A Nigerian senator and his wife plotted to bring a poor street trader to the UK to harvest his kidney for their daughter in exchange for up to £7,000 and the promise of a better life, a court has heard.
Ike and Beatrice Ekweremadu, their 25-year-old daughter Sonia and medical “middleman” Dr. Obinna Obeta allegedly conspired to exploit the 21-year-old man for his body part, the court heard.
It is claimed Sonia Ekweremadu was to have been the recipient of his kidney in a transplant operation at the Royal Free Hospital in Hampstead, north London.
As part of the alleged plot, “elaborate” steps were taken to create the false impression that Sonia and her proposed donor were cousins, it is claimed. His status and influence had produced a significant degree of wealth since they had international connections, the court was told.
Opening their Old Bailey trial on Monday, Hugh Davies KC said Ekweremadu, 60, a senior senator in the Nigerian Parliament, and his 56-year-old wife were “significant figures” in Nigerian society.
“His status and influence had produced a significant degree of wealth. They had international connections,” the prosecutor said.
“There are, however, certain things that money and status cannot guarantee in any family and they include good health,” the prosecutor added.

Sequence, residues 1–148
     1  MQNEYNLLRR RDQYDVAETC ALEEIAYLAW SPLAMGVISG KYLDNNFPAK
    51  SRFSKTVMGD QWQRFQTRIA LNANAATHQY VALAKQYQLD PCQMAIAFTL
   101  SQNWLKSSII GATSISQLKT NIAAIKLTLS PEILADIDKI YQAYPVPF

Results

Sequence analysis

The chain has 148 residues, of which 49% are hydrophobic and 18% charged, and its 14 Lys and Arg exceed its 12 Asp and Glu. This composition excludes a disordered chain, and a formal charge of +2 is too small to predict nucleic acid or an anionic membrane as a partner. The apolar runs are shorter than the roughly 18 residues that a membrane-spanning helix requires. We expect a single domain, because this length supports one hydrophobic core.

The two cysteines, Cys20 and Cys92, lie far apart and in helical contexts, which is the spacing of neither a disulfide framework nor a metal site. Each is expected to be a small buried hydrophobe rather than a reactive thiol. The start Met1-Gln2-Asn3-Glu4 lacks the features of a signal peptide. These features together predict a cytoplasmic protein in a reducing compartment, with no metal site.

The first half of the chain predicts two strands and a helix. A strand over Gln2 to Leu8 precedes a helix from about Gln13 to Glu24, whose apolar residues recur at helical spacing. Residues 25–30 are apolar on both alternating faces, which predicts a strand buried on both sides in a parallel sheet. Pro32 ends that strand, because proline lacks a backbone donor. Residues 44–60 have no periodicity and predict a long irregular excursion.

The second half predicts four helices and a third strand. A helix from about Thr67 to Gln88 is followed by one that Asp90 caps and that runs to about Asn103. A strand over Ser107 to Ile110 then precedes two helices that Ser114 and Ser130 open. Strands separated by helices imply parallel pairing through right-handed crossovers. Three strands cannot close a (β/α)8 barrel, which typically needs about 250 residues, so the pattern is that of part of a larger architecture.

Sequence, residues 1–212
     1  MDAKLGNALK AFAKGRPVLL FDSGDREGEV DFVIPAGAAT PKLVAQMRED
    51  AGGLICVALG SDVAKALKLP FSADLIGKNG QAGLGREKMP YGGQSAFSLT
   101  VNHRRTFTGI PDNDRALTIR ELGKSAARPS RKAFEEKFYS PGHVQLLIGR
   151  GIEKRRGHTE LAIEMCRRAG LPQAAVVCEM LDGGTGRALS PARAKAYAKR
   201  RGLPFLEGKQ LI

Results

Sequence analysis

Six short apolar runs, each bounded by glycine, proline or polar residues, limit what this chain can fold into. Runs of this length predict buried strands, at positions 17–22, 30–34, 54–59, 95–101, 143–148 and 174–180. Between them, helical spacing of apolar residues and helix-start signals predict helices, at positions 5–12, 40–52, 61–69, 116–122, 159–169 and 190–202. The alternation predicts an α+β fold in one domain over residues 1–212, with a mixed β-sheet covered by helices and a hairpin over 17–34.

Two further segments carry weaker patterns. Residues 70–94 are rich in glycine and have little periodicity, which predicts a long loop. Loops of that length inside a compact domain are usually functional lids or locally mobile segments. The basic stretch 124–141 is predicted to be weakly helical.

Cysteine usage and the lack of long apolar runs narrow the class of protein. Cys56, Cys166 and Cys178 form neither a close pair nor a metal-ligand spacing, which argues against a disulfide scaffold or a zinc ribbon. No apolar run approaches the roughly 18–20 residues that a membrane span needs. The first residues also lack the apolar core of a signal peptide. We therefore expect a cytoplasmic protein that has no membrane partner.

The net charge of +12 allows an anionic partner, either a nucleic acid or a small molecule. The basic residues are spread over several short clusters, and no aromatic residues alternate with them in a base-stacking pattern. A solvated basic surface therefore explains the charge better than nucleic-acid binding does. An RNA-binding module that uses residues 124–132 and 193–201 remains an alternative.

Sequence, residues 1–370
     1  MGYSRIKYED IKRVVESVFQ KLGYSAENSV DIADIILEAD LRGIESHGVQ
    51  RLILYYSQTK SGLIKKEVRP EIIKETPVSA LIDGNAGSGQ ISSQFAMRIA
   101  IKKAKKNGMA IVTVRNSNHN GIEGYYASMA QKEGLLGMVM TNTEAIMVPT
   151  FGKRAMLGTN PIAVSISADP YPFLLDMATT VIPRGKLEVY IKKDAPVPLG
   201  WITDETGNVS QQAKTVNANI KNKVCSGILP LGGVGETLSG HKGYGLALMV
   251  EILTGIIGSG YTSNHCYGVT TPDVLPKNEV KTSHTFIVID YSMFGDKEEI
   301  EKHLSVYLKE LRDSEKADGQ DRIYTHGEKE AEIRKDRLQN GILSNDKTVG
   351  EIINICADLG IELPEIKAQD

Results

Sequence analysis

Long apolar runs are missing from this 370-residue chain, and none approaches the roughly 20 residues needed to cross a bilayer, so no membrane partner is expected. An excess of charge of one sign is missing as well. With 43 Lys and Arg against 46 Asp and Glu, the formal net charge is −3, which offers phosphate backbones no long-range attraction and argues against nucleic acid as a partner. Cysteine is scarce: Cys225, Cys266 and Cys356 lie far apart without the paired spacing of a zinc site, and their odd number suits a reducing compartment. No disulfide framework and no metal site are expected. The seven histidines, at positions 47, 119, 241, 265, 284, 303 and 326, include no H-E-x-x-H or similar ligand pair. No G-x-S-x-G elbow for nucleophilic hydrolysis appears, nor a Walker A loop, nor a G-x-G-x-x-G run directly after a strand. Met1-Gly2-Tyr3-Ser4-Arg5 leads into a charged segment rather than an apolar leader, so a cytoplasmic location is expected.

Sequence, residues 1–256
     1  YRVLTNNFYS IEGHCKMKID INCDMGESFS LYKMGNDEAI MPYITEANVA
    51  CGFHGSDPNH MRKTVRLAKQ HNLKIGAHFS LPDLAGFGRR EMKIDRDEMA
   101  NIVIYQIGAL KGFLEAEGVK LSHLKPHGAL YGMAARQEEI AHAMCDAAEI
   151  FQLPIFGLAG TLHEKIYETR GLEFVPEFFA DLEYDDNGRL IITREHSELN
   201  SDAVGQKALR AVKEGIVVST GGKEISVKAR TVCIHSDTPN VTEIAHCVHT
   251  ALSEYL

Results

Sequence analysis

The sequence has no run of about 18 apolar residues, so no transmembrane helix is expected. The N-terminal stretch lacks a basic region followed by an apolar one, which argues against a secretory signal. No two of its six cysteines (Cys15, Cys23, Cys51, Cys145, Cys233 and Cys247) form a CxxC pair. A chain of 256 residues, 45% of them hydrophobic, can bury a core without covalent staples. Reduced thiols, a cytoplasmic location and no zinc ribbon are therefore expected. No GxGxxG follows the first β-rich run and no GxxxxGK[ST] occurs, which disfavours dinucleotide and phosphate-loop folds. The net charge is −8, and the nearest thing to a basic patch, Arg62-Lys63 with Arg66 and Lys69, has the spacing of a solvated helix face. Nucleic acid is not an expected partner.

Sonia had a “significant and deteriorating” kidney condition that could be managed through dialysis but cured with a transplant, the court heard
Davies told jurors: “Most parents, whether powerful or not in society, will do whatever is necessary to alleviate suffering in their child.
“The Ekweremadus were no different: the evidence – from downloads from their mobile phones, and wider actions – demonstrates a close, open and loving family each with an understandable and direct interest in Sonia’s medical treatment.”
Davies told jurors the case was not about their motivation but what the defendants were prepared to do to cure Sonia’s kidney condition.
While it was lawful for someone to donate a kidney, it is criminal to reward someone for doing so, jurors heard. To him – a street trader from Lagos – these sums and rewards were significant, The Independent and Reuters reported.
The donor, who cannot be identified for legal reasons, was allegedly recruited in Lagos, Nigeria. At the time he was making a few pounds a day selling telephone parts from a cart in public markets, the court heard.
Davies said other potential donors in Nigeria had been reviewed for suitability before he was identified.
And when the organ transplant did not go ahead in London, steps were taken to arrange a transplant operation in Turkey with a different donor, it was claimed.
When the street trader was found to be a suitable match, he was transported to London in February 2022, under the “direction and financial control” of the alleged plotters, Davies said.
As part of the deception, the young man was purported to be Sonia’s cousin, with the family connection used to get a temporary visa to travel to the UK, the court was told.
He was coached to give false answers to doctors at the Royal Free Hospital and Sonia was “singing from the same hymn sheet” to create a fake family history, Davies added.
The man appeared to have been offered a reward of up to 3.5 million naira (7,000 pounds or $8,439) along with a promise of work and the chance to be in Britain, the court heard.
Davies told jurors: “Relative to the wider medical costs of the process – measured in tens of thousands of pounds – which would have been done privately, his reward was to be a small fraction of the whole.